them one chance. If one child says the wrong answer, the other one
gets a chance. If they both miss, they both sit, and go on to the
next two kids. The winner is the first one to get back to his seat.
This can take awhile, but the kids love it. (Hint: Just skip anyone
who won't be quiet while waiting, and they will get the hint.)
5. Drop the clothespin/ or eraser basketball Divide into smaller teams for this game, either by rows, reading
groups, etc. Call up one team. Each time a student gets to right
answer (I like to use spelling words), she gets to drop a clothespin
into a jar, or throw an eraser into a wastebasket placed several feet
away. Let one of your students give out the words (Or math facts)
and another keep score, and you can just sit back and settle any
disputes.
6. Sparkle
This is a spelling practice game. It also forces them to be good
listeners. Again, divide into smaller teams of 6-8. Call up the first
group. Pronounce the word that is to be spelled. The first child
says the first letter. The second child says the second letter.
The third child says the third letter, etc. If they miss, they sit
down on the floor and the game continues. Do NOT repeat the word
and do not repeat the letters that have already been called out.
After the last letter of the word has been given, the next person
must say "Sparkle." The person after the sparkle person has to sit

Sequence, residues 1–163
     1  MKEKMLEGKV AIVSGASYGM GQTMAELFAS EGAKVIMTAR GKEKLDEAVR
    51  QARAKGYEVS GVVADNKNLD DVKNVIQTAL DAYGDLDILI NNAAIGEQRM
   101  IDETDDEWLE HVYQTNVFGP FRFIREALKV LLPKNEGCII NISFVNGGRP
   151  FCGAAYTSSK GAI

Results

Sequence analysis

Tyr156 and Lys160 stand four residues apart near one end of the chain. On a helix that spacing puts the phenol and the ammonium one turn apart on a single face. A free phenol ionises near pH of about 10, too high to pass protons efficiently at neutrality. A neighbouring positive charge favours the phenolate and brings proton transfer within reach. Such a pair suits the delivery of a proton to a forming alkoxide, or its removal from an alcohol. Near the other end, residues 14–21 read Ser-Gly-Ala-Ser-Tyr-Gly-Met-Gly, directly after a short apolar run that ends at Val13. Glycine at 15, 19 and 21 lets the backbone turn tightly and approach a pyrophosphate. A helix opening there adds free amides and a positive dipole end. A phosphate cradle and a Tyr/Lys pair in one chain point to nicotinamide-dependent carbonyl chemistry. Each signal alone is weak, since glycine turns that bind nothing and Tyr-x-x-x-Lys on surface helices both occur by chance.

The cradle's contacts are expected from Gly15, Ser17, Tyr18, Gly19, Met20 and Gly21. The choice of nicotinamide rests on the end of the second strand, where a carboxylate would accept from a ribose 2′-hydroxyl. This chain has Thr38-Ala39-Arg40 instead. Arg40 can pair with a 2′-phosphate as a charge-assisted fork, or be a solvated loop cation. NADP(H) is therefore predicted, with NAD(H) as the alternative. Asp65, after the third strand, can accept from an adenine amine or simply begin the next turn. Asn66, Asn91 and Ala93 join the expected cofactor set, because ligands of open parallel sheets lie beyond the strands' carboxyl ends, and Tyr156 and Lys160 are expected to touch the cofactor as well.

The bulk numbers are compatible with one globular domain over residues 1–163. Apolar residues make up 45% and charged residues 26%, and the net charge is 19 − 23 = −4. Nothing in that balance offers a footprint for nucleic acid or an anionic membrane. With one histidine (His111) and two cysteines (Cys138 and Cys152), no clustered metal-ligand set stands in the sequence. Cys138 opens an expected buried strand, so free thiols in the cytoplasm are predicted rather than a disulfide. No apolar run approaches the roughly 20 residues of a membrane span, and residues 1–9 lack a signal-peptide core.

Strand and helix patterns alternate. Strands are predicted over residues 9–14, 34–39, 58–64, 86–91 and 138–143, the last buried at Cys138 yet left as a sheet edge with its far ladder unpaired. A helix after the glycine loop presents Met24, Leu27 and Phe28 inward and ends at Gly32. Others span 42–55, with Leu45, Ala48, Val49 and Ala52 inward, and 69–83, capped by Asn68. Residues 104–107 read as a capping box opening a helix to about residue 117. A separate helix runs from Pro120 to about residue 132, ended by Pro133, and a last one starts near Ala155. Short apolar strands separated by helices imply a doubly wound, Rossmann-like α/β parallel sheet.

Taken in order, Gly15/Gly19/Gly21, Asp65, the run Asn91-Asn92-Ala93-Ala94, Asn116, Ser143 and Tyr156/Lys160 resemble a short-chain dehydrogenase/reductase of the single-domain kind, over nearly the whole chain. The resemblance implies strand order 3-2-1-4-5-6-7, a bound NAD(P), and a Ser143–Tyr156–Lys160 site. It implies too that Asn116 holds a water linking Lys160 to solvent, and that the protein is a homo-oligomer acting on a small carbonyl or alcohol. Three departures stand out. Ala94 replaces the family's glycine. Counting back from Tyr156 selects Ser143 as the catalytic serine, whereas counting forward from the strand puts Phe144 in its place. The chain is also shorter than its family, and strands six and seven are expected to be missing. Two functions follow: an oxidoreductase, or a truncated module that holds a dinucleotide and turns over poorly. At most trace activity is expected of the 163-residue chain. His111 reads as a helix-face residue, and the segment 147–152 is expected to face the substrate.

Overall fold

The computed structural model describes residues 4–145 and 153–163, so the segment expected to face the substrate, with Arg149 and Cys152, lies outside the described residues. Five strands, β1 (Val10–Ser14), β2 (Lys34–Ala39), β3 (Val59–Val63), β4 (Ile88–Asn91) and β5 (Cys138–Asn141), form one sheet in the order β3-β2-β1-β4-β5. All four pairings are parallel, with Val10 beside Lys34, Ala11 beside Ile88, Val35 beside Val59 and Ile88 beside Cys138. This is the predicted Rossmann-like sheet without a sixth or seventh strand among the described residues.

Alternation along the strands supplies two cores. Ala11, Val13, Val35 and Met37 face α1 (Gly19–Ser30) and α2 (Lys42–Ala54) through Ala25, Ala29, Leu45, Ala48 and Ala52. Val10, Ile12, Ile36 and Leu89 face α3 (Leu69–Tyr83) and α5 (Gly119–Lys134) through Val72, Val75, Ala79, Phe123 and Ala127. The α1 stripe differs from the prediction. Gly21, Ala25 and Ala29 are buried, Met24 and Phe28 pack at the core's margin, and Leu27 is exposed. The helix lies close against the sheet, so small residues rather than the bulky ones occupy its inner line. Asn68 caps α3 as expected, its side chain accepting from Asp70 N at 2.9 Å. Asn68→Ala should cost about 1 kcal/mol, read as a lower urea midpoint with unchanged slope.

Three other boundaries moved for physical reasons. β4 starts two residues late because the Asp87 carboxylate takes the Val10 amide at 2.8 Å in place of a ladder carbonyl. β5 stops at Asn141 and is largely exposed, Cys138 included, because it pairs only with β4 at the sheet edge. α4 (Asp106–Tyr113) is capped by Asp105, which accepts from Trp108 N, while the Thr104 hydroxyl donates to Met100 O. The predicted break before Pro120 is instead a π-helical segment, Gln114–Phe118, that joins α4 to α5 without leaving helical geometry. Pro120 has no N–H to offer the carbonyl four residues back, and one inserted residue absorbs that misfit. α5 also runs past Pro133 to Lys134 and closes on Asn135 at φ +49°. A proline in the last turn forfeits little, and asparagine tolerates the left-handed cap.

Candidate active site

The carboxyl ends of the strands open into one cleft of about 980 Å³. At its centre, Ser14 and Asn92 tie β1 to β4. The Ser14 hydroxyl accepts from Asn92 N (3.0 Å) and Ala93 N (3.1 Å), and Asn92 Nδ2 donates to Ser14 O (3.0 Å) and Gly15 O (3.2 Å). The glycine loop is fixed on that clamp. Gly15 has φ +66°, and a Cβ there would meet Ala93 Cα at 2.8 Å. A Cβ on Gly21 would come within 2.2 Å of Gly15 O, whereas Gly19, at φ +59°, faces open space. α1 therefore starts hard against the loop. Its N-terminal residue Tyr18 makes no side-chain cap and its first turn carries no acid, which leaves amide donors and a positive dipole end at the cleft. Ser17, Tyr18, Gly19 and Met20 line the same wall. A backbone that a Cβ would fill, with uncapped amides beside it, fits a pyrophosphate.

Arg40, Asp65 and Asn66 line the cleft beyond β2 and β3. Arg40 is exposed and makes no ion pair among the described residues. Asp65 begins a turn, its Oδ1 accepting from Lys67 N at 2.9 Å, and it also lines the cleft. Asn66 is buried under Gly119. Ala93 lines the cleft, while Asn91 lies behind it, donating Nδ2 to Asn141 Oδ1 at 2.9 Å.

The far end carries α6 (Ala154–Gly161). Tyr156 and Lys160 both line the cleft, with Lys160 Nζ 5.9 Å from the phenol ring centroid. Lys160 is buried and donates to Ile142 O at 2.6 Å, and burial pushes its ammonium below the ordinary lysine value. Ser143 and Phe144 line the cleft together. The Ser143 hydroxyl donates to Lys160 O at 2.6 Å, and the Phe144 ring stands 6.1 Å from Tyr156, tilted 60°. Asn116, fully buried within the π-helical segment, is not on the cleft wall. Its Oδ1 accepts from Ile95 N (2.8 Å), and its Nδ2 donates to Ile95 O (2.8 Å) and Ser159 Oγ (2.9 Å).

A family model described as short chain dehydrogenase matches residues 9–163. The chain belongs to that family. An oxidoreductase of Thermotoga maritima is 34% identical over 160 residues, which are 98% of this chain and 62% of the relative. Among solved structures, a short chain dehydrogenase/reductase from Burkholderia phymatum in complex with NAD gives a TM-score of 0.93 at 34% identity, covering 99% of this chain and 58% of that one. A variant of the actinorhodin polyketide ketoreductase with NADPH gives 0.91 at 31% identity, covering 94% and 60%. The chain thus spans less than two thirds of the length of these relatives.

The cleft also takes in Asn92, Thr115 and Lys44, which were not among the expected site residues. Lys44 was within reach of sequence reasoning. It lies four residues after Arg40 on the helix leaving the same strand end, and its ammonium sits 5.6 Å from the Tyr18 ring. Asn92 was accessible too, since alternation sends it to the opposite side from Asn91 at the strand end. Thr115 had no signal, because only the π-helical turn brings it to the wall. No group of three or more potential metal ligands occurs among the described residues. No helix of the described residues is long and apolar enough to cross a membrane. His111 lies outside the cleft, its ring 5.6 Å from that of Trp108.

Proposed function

down. Pronounce the next word.The last person left standing is the winner.
Then go on to the next group.
7. Math Wars This is a great game for reviewing difficult Math calculation and story problems. Call about 5 or 6 students up to the chalkboard. Give a difficult
math problem. Ex. For third graders, I might give: 423-179.
The first one to solve it correctly and sit down on the floor gets a
piece of candy or a sticker. Then she goes to her seat, and you call
up another child to take her place. Continue till everyone has a chance
to come to the board and win. This game also works great for story problems.
As a shorter variation, call up one row at a time. After someone wins, have the
whole row go back to their seats and call up the next row.
8. Math relay
Ahead of time, prepare two large grids on the board, for counting
from 1-100 or 400-500, a multiplication chart, etc. Divide into two groups and line
them up, facing the board. Each child gets to write in 1 number and then
goes to the end of the line. If a child sees a mistake, he may correct it
instead of writing a number. The first team to complete the chart correctly
is the winner. (Hint: I enforce a no talking rule during this game. Anyone who
talks must go to their seat.)
9. Another math relay
This is a variation of the other relay. You can have the kids count
by 2's, 3's, 5's, or 10's beginning with a certain number and working
until they reach a certain number. Write the beginning and ending
numbers on the chalkboard. For example, Count by 2's from 324 to 398.
10. Greater than/ Less than
Students always have trouble with this concept, so I came up with
this idea. I like to play it with a few students at a time, waiting
in line for lunch, the bus, etc. You say, "I am thinking of a number
between 1 and 25." Give each child a guess and after each guess, you
tell them if the answer is higher or lower than their guess. Let them
keep guessing until someone gets it right. Reward them with a piece of
candy. Keep using more difficult numbers as their skill level increases.
Ex. "I'm thinking of a number between 7